The Department of Homeland Security has issued an official policy on its new Privacy Compliance Review process, which aims to help improve the agency's methods for documenting compliance efforts and their efficacy. A PCR might be used, for example, to revisit an already-conducted Privacy Impact Assessment to evaluate how things are working, examine any changes that may have taken place within the privacy program since the PIA was conducted, and ensure the program is still effective.
Jonathan Cantor, CIPP/G, CIPP/US, chief privacy officer at DHS, said PCRs are intended to be an additional mitigation strategy, especially for programs with a higher degree of risk. While DHS's privacy office itself could initiate a PCR, they're meant to be initiated by an individual component's CPO (at DHS, each office is called a "component," i.e., the Secret Service is a component. Immigration and Customs Enforcement is a component). But they're meant to be a collaborative process, too. When the CPO initiates the PCR, a working group might include the component's program manager and the DHS privacy office. If recommendations come out of the PCR, it would be the responsibility of the component's program manager and privacy officer to implement those recommendations. It's essentially a way for components to audit themselves and ensure they're on top of compliance as well as mitigate future risk.
Besides internal recommendations, PCRs could also result in public reports, depending on the program's sensitivity.
Shannon Ballard, CIPP/G, CIPP/US, is director of privacy oversight at DHS. She said PCRs are a way for DHS to make sure its house is in order.
"In my humble opinion, it's better to find out in-house that something may be done better than to have the WaPo find out," she said, adding, "It comes down to accountability and trust. You put out this PIA to the public, a public statement of what you're doing and how you're doing it. The review is just demonstrating our accountability with what we say we'll do. When we publish our findings, we're transparent in that and transparency breeds trust with the public. We are stating, 'This is what we said we were going to do,' and after our review, either, 'Yes, we are doing it the way we said,' or, 'We could do it better by these tweaks.'"
Currently, PCRs aren't being scheduled at regular intervals, but rather at the discretion of components' CPOs.
"Right now, everyone's got limited resources and limited time," Ballard said. "We're trying to be very strategic about when we conduct these PCRs." So for now, it's more likely that the more privacy-sensitive programs undergo PCRs as a priority.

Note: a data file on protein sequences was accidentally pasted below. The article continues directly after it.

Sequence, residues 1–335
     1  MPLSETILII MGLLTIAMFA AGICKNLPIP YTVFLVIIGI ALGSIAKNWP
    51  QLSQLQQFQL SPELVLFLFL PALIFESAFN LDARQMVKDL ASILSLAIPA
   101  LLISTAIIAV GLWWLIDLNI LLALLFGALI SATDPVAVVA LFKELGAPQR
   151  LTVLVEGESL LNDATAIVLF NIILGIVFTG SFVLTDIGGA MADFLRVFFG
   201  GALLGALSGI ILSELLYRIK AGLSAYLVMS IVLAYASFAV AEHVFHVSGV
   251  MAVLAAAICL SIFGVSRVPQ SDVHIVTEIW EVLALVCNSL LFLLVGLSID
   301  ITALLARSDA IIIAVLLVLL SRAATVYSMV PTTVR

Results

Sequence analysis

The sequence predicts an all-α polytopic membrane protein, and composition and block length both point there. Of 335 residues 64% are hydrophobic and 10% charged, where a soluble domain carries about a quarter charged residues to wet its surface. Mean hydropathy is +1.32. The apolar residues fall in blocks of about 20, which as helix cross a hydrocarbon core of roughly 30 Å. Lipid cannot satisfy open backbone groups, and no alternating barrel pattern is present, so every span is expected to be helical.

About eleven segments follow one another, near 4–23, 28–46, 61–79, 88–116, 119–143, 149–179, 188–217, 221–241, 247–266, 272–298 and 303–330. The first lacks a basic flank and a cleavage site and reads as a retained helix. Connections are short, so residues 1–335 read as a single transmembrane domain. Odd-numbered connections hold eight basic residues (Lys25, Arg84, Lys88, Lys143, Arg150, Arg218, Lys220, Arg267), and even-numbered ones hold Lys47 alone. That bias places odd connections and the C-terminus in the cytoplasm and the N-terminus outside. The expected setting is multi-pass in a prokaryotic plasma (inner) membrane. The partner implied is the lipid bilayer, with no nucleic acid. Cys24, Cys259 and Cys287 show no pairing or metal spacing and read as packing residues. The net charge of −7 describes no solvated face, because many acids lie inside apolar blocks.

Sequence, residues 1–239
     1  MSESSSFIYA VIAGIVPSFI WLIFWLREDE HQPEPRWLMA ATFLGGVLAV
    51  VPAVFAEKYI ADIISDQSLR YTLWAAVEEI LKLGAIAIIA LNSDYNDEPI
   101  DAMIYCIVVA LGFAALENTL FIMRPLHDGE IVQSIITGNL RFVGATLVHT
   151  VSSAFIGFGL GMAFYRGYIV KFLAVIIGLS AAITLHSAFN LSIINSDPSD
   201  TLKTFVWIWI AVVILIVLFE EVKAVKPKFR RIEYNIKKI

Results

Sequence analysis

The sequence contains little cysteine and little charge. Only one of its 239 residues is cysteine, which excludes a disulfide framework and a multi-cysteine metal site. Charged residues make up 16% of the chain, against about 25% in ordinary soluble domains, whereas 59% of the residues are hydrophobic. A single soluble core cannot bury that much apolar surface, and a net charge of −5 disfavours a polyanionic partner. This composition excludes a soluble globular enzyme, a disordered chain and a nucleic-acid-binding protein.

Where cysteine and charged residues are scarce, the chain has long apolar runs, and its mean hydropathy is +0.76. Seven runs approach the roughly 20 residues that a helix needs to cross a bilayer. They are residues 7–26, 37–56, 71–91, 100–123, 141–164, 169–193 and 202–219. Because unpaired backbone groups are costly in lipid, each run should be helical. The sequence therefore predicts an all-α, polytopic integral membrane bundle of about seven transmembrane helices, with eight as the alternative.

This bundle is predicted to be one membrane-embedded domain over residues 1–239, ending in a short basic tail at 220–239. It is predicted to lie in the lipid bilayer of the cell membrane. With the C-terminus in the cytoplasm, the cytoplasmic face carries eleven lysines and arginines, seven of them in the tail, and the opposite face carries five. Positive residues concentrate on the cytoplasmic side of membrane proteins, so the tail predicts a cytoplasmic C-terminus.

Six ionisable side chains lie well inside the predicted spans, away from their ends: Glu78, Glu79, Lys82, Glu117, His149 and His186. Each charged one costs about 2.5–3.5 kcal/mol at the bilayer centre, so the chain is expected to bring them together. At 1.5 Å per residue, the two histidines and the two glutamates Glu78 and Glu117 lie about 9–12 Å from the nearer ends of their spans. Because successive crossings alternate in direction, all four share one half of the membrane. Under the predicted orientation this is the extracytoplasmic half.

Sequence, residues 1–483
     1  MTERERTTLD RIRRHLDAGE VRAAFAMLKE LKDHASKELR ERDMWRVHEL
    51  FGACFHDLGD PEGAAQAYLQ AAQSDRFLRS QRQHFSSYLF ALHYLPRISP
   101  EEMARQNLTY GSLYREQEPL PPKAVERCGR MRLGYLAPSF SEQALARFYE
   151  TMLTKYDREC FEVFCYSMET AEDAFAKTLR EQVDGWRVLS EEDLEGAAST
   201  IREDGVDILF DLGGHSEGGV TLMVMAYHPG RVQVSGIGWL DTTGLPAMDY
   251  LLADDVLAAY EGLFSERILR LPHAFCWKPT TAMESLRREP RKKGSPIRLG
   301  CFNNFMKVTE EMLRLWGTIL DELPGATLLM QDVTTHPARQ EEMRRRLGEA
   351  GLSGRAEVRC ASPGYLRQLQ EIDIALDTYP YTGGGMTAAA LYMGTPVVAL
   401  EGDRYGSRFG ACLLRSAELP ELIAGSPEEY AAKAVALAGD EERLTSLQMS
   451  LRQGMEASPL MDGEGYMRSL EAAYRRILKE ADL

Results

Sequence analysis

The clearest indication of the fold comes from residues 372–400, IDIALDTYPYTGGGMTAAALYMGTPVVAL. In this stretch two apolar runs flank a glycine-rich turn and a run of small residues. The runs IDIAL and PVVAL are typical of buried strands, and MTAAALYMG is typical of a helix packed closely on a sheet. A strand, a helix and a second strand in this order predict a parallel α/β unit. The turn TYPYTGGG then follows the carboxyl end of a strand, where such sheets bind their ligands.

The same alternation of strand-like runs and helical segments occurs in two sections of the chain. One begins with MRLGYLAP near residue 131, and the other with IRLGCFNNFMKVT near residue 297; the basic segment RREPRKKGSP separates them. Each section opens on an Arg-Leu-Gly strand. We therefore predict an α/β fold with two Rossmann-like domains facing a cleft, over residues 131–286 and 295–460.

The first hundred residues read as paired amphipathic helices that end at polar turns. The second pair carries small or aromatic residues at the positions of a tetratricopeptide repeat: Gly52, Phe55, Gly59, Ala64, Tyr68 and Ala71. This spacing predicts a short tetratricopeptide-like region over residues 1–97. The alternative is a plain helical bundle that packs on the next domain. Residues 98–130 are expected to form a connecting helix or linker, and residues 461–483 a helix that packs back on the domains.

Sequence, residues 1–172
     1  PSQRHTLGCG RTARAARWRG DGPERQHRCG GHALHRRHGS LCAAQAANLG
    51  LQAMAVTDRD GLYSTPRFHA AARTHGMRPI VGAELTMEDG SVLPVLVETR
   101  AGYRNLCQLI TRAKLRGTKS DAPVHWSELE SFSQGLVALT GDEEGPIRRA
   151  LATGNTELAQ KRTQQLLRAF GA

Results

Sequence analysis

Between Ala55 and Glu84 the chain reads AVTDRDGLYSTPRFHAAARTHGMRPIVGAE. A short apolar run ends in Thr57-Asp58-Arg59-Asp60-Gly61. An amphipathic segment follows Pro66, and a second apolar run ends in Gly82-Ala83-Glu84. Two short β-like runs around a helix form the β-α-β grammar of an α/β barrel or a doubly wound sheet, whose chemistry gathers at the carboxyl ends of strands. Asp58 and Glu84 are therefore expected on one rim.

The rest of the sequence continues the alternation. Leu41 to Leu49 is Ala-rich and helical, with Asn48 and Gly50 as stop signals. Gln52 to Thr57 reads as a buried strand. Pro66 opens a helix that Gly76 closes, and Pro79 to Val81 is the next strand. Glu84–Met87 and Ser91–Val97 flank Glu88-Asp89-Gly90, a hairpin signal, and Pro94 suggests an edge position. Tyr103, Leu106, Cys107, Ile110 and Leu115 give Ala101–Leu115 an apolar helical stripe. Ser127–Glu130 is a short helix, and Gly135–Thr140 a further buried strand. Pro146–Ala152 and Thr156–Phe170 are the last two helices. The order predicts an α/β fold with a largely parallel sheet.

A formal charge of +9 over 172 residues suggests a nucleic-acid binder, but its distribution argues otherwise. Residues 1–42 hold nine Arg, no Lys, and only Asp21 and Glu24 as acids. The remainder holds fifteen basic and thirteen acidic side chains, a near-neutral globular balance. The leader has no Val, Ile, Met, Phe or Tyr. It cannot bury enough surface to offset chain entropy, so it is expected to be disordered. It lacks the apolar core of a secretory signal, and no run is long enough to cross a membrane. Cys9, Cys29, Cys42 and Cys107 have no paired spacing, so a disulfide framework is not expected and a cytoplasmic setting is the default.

Cantor said while PCRs are DHS's brainchild, he thinks it's a model that can be replicated elsewhere.
"The rest of the government is working on a similar framework. We all have PIAs, we all have Systems of Records Notices under the Privacy Act. Those are the core sorts of materials we're all using that are our launching pad for where we tend to kick off our reviews, our PCRs," he said. "It's an easy model assuming you have the staffing resources."
He said it's especially useful for agencies to consider adopting the process now because in the past several years, many government agencies and departments have grown and developed their privacy offices.
"You don't have to be a law enforcement agency like DHS or have intelligence functions like DHS to be able to copy this," he said. "This is something you can easily carry to any type of organization. It's all about how you implement these core practices, how you implement mitigation strategies and design your program. This is due diligence."
He added it's even something private organizations could and should be doing.
"It's a very consistent practice with what I would hope smart organizations are doing internally," he said.
If you're interested in hearing more about the PCR process, Ballard and Cantor will join Christopher Pierson, CIPP/G, CIPP/US, general counsel and chief security officer at Viewpost, to discuss methods of enforcing privacy compliance at the program level in both the private- and public-sectors on Wednesday, April 19, at the IAPP Global Privacy Summit 2017 in Washington, DC.
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